Defense & National Security

Why Obama isn’t talking about deep domestic cuts

Why Obama isn't talking about deep domestic cuts

On an ordinary weekday in November, a group of visitors to the office of House Speaker John Boehner (R-Ohio) suddenly stripped off all their clothes and began chanting. Amid the flurry of press attention and the indecency arrests that followed, it emerged that the protesters were petitioning Boehner not to agree to impending cuts to funding for AIDS drugs and health research.

Arguably, the naked demonstration should have taken place at the White House instead of the Capitol. The AIDS cuts in question, it turns out, are yet another element of the sequester mechanism that will slash $1.2 trillion from domestic and defense spending over the next decade without strategy or planning.

And, as reported in Bob Woodward’s book “The Price of Politics” earlier this year, President Barack Obama and his staff single-handedly created the sequester as an “enforcement mechanism” for Congress to work out its budgetary differences. A majority of Republicans and Democrats passed the bill, and Obama signed it.

“This is a deal we can probably live with,” he said, in Woodward’s retelling.

With the brunt of the cuts falling on defense program spending, Republicans have long felt the onus to make a deal to avoid the sequester at any cost.

A new Pew poll shows that a majority of Americans—53 percent—will blame the GOP if we go over the fiscal cliff. But the dirty secret of the sequester is that it would be devastating for Democrats too, and particularly Obama, since the plan leads clearly back to him.

In addition to AIDS funding (of which $500 million is at stake in the first year alone and some 9,400 individuals stand to lose access to free drugs), the sequester cuts would come down hard on public education, a beloved institution for Obama.

A new study by the American Association of School Administrators shows that schools in the poorest areas will lose the most in sequestration. Using adjusted FY 2010 dollars, the study finds that schools receiving Impact Aid funding—typically those near military bases, in low-income populations, or near Indian reservations—would be hit first and hardest.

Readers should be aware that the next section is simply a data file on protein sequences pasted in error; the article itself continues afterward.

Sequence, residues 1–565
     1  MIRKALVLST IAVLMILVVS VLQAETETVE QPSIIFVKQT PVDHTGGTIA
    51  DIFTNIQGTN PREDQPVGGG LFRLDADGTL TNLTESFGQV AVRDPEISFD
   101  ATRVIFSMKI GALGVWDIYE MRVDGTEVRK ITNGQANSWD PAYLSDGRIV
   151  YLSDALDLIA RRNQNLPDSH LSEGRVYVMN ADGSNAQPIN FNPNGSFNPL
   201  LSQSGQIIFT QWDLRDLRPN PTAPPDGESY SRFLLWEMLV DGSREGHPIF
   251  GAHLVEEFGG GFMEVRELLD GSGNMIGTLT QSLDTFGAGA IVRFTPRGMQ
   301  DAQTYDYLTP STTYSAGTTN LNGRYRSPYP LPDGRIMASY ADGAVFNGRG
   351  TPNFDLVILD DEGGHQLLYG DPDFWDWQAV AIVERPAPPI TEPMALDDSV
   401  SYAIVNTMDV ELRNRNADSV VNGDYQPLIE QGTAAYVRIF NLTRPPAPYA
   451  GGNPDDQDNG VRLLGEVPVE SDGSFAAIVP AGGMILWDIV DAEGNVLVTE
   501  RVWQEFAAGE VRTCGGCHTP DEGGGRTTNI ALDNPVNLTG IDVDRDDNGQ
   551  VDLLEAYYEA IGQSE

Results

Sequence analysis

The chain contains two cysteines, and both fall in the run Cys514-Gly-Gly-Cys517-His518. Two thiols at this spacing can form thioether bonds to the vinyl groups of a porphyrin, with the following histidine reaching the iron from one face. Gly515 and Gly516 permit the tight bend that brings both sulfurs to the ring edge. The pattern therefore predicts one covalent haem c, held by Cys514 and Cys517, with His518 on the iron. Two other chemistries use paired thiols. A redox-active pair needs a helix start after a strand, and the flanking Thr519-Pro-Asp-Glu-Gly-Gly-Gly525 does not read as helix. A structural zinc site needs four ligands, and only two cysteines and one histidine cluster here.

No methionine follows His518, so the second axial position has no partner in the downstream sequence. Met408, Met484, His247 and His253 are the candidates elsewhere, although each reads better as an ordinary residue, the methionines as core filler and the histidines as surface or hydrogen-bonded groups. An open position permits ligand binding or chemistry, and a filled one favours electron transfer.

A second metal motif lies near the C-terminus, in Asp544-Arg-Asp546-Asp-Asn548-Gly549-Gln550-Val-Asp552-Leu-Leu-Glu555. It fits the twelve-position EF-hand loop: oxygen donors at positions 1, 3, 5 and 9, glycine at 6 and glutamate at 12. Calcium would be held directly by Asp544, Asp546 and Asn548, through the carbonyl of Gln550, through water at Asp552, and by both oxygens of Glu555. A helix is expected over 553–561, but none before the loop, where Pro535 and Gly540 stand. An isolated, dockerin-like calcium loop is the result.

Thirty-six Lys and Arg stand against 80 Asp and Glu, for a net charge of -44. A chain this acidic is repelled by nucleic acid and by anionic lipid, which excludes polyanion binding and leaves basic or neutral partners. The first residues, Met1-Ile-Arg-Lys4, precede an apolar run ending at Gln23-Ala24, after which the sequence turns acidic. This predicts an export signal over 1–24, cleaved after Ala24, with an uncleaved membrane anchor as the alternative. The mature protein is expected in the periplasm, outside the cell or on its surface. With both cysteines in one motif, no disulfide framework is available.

“In these schools, the immediate cuts of sequestration would translate into deferred maintenance and technology purchases, elimination of staff, increased class size and reduced professional development,” the study finds.

Also at great risk for massive cutbacks, beginning in the 2013-14 school year, are states such as Mississippi and Arkansas, which get 20 percent of their funds from the federal government.

“The bad cuts are just made worse because they just ignore the discussion about program needs, program effectiveness, and return on investment,’ said Noelle Ellerson, the study’s author. “It’s just very bad policy. It’s a lack of policy.”

Ellerson said she believed some solution would be reached to avoid sequestration and cited a recent conversation with White House staff about the issue as proof of Obama’s involvement, but acknowledged the president has been publicly silent on sequestration during campaign debates and since his reelection.

Not a top talking point

“As much as it’s not a top talking point of (Obama’s), (sequestration and the fiscal cliff) are inextricably linked,” she said.

Elizabeth Rorick, Deputy Executive Director of Government Affairs and Communication for the National PTA, said the organization is equipping parents with sequestration toolkits and discussion guides for citizen lobbying to Congress.

Rorick said she couldn’t speculate on Obama’s silence regarding sequester cuts.

“I don’t know what (Obama’s) plans are to address the issue,” she said. “We remain optimistic that they continue to have robust conversations around this important issue.”

While Washington analysts tend to believe that some last-ditch solution to stave off sequestration will be found, recent developments should give even sanguine observers cause for concern. After months of saying they trusted lawmakers to find a solution around sequestration, top defense officials announced Dec. 5 that they are now beginning to work with the Office of Management and Budget to plan for the budget reductions.

And in a statement last week that demonstrates the White House feels no responsibility for sequestration, Treasury Secretary Tim Geithner told CNBC that the administration was “absolutely” prepared to go over the fiscal cliff before yielding to Obama on sequestration.

Jim Dyer, a Republican strategist with the Podesta Group, said he believed a deal would still emerge from Congress before the end of December, but marveled at the apparent nonchalance the administration had shown in its approach to sequestration.

“After the president signed that (sequestration) deal, the White House posture has been and continues to be that this is Congress’s problem,” Dyer said. “Well, I’ve got to tell you I might take issue with that. I think this is all our problem and it’s the president’s problem too.”

 

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